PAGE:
Advantages of customer analysis
The advantage of customer analysis is it enables a brand to help gage the state of the business in a non-financial sense in establishing who their customers are, their behaviour and the level of fulfilment from customers experiences with the brand’s products or services.
Below are 5 benefits of using customer analysis:
1. Improve efficiency of marketing strategy
Marketing campaigns can be costly, so in order for the best rate of return, customer analysis will allow you examine what media channels bring in the most valuable potential customers in terms of reaching a wide audience, the objectives of the campaign such as improving brand awareness and the message of the campaigns. This will enable the marketing strategy to become more efficient without wasting valuable resources and time as well as highlighting any hidden opportunities to exploit.
2. To help retain customers
There are occasions when customer retention is overlooked by some brands, which is a costly error to make as your existing customers are a brand’s most valuable asset and is the fundamental part of any successful business. It has been proven many times that it costs far more to attract new customers than retaining your existing customer base.
Therefore, it is crucial that customer analysis is carried out to provide insights in improving customers experience and resolving any common issues or pain points. It also serves as an early warning system of customer churn, so you can act quickly before they leave your brand. This will lead to increased efficiencies and profitability.
3. To boost sales and maximise profits
By knowing your customer needs and wants, you can market your products or services to cater for them, leading to more sales and help maximise your brand’s profitability. Through customer analysis you will know which groups of customers are most valuable to your brand based on the likely size of order, frequency and the higher prices they are willing to pay.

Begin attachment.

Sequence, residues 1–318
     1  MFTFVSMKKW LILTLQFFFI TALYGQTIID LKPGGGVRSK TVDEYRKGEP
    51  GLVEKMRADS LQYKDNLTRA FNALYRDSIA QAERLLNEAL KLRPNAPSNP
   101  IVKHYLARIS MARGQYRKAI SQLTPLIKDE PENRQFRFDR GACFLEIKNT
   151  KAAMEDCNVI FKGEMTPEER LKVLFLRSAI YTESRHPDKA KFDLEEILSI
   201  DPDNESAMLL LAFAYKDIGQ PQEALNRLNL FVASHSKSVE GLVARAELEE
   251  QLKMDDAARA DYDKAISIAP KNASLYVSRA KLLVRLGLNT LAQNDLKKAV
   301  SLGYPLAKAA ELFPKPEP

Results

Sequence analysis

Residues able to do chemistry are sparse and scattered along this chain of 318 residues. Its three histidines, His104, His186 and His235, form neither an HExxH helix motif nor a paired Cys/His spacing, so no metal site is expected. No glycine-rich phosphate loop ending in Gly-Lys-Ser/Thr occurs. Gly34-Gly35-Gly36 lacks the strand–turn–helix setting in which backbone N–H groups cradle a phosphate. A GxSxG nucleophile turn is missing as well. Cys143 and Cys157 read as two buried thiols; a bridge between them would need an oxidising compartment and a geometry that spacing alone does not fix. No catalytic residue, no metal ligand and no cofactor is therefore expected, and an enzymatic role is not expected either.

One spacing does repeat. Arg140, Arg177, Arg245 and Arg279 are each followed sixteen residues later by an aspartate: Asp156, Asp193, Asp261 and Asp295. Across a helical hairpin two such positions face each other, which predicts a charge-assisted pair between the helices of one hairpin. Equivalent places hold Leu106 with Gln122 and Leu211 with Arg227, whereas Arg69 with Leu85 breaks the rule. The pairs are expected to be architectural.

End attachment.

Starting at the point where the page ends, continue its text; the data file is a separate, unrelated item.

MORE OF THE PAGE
Therefore, customer analysis will allow you to target them more effectively and service their needs resulting in increased profits. Plus, customer analysis can also find new sales opportunities outside of the existing customer base by developing new products or additional features to appeal to new customers.
4. For a more effective customer service
Customer analysis through measures like CSAT (Customer Satisfaction) or Customer Effort Score (CES) will help a brand understand from a customer’s viewpoint, how their customer services perform and see where this can be improved and be made more efficient such as streamlining the operations process to be more responsive or further training of service staff and increasing their knowledge of the product.
The benefits of a more effective streamlined customer service will lead to increased customer retention and build brand loyalty and improve advocacy.
5. To help personalise customer experiences
A more personalised customer experience can be produced with the support of insights from customer analysis by examining and establishing which brand touchpoints are ideal for personalised marketing in the customer journey such as a post sales experience. Although care needs to be taken in how this is implemented in order to drive engagement and further sales.